One of Editor & Publisher’s ‘10 That Do It Right 2021’
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A clear sky. Low 43F. Winds light and variable.
Updated: October 17, 2021 @ 10:10 am
Your cellphone hides secrets. A little scroll through the settings menus reveals a useful secret. You don’t need a cellular signal for voice calls and texts, assuming you have a cellular plan with a carrier.
My neighbor down the block frequently parks in front of my house in the late afternoon to make his final few calls of the day. I assumed he either wanted privacy or possibly was poaching my WiFi.
I finally asked what he was up to and was surprised to learn he had minimal cellular reception in his home a few hundred feet away. I suggested changing carriers. He responded that then he’d have terrible cell reception from the different carrier in some of the places he worked.
I suggested he set his phone for WiFi calling. This common but little-known feature dramatically increases the versatility of your cellphone. All it takes is going to the settings menu and checking “enable WiFi calling.” Then, whenever you lack a cell signal but do have WiFi, you can make and receive voice calls and texts. This even works in foreign countries. It costs nothing, assuming you can access free WiFi.
Speaking of WiFi, the latest and greatest router just arrived in my office. It’s the new Asus GT-AXE11000, one of the first to not only include the new WiFi 6 channels with wider bandwidth, but also the even newer WiFi 6E that offers even more bandwidth. Very few devices use WiFi 6E at the moment, but just wait a year.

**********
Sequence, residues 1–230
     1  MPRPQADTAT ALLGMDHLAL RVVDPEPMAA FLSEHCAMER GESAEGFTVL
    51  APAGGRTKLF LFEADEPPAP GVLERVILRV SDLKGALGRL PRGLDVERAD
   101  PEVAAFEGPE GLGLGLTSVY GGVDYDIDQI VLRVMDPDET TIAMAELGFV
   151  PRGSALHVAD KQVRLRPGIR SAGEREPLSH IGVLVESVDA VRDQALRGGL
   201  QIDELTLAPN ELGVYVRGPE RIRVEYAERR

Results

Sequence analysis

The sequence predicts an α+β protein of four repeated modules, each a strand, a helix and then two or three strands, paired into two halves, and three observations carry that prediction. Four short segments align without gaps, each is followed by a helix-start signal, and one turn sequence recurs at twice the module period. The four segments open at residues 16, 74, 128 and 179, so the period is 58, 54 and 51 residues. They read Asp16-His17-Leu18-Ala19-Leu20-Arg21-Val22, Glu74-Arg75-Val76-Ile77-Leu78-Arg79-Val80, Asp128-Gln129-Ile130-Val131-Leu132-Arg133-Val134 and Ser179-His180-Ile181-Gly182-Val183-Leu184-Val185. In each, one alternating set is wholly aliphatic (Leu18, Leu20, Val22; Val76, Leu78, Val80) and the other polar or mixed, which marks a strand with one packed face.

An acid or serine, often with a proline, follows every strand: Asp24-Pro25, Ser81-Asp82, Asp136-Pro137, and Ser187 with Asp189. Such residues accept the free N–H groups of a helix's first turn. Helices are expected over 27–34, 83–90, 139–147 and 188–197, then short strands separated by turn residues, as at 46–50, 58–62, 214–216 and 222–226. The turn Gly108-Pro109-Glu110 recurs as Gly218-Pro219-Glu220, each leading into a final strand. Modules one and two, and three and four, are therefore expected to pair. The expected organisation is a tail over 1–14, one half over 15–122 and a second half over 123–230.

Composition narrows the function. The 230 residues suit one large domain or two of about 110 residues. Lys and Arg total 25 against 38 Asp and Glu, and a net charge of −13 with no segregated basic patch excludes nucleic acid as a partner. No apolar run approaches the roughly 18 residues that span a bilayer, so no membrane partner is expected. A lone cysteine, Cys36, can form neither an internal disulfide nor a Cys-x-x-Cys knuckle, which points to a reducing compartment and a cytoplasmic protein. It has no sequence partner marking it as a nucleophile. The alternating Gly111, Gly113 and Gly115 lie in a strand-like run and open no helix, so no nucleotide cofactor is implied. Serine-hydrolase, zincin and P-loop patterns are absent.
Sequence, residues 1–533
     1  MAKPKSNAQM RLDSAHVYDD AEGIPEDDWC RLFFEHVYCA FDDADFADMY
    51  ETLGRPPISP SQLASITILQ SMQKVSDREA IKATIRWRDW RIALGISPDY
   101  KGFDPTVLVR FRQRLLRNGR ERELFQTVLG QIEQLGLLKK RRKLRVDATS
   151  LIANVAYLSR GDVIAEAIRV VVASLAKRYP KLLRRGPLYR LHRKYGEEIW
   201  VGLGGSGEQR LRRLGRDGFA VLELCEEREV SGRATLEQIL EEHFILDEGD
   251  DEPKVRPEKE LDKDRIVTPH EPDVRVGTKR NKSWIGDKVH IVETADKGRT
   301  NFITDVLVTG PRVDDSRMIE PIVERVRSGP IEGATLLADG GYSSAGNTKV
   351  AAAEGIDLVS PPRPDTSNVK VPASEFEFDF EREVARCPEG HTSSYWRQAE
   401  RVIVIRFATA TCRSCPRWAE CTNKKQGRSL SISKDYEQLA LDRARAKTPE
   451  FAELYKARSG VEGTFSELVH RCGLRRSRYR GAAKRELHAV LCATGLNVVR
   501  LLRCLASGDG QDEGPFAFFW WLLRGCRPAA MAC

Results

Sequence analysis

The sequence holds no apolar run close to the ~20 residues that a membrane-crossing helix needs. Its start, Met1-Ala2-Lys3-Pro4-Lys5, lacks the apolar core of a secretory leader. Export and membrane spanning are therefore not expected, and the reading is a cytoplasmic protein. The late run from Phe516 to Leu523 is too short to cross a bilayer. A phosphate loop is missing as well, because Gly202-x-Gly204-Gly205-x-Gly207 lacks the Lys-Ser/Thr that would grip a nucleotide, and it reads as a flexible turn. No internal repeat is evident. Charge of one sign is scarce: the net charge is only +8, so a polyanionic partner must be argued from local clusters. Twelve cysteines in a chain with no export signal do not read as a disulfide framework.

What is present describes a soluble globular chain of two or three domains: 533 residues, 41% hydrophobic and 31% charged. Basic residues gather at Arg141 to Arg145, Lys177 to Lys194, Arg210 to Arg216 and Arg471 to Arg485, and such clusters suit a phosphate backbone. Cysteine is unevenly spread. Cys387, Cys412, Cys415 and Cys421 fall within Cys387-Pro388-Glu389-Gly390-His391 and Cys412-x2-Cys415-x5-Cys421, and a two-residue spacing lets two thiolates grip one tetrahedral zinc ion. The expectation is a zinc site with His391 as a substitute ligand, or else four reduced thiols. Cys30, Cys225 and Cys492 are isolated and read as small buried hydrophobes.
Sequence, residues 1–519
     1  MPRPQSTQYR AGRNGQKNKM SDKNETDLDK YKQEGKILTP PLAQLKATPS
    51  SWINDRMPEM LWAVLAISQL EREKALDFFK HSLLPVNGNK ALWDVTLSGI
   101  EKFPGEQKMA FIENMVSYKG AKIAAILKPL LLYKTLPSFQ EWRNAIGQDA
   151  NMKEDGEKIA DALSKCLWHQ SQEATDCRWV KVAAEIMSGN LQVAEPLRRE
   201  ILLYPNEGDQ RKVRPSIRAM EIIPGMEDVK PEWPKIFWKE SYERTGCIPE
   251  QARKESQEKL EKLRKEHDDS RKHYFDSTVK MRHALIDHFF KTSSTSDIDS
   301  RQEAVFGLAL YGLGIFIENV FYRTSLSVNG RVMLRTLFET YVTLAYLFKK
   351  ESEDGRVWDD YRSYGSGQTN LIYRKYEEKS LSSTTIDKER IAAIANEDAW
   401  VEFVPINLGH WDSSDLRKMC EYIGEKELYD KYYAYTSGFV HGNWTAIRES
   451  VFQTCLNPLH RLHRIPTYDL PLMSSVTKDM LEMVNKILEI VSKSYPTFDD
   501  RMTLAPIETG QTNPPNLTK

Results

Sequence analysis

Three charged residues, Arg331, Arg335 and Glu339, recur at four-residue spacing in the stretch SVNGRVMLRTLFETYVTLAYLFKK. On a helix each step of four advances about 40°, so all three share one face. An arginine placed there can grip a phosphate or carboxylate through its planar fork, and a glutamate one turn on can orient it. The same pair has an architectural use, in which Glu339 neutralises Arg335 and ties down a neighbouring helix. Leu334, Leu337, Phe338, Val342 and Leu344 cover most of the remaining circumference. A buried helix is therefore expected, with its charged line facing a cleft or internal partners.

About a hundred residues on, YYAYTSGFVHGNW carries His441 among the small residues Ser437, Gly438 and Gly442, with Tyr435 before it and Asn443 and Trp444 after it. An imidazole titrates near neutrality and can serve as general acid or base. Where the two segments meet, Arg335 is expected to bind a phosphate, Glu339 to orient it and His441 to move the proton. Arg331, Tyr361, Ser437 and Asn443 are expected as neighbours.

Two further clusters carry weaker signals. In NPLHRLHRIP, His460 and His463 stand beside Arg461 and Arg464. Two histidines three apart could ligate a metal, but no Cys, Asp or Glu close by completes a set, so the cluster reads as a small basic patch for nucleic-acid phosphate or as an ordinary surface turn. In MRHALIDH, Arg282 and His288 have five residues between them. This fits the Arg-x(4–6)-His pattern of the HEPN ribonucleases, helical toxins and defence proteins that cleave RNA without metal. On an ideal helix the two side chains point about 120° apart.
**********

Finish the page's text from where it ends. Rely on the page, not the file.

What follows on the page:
Meanwhile, many newer laptops, tablets and phones take advantage of the improved performance of WiFi 6. It’s especially useful in densely populated areas with many people and devices using WiFi.
Asus aims the $530 AXE11000 toward internet gamers. It offers several tweaks designed for gamers as well as blistering speed and great range. Anticipating future internet improvements, the Ethernet input is 2.5 gigahertz. Formerly, most router inputs topped out at 1 gigahertz. The AXE11000 with its eight (!) antennas looks like a spider on steroids.
While many households will save money with a WiFi 6 mesh system, which starts at about $300, I revel in the performance of the AXE11000. Everything, even the Ethernet connections, seem faster. The WiFi on my WiFi 6 laptop appears instantaneous, just like having it plugged into a wired Ethernet connection.
The range, like Asus’ predecessor GT-AC5300, amazes. In a three-story house, with the router on one side of the third floor, the signal on the opposite side of the basement remains strong and very fast. Incidentally, Amazon now charges only $300 for the older WiFi 5 5300, down from its $450 original price. It’s still a first-rate router.
You can find the “standard” WiFi 6 version, the AX11000 (without the “E”) for about $100 less than the AXE11000. It includes all the same features except the added 6E bandwidth.
The main drawback to the AXE11000 besides its ridiculously high price is that you can’t improve it with better, alternative firmware.
I’m sure most of you are scratching your collective heads wondering if I have lapsed into Greek or geek.
All modern electronics operate from computer code deeply embedded within called firmware. This code frequently can be updated, upgraded or even replaced. Most Asus routers can use an alternative superior firmware called Asuswrt-Merlin.
The terrific Merlin firmware, designed by Eric Sauvageau, further boosts performance while enabling precise fine tuning of the router not available with the factory firmware.
Unfortunately, Merlin can’t keep up with the rapid arrival of new routers and has not developed new firmware for the AXE11000. It could take a year if Merlin accepts the challenge. Installing the firmware, whether the regular factory updates or the Merlin alternative, is simple.
Currently, nearly all new smartphones, tablets and laptops incorporate WiFi 6, so even if you decide upon a much less expensive router or mesh-router WiFi system, be sure to select a WiFi 6 model.
Rich Warren, who lives in the Champaign area, is a longtime reviewer of consumer electronics. Email him at [email protected].
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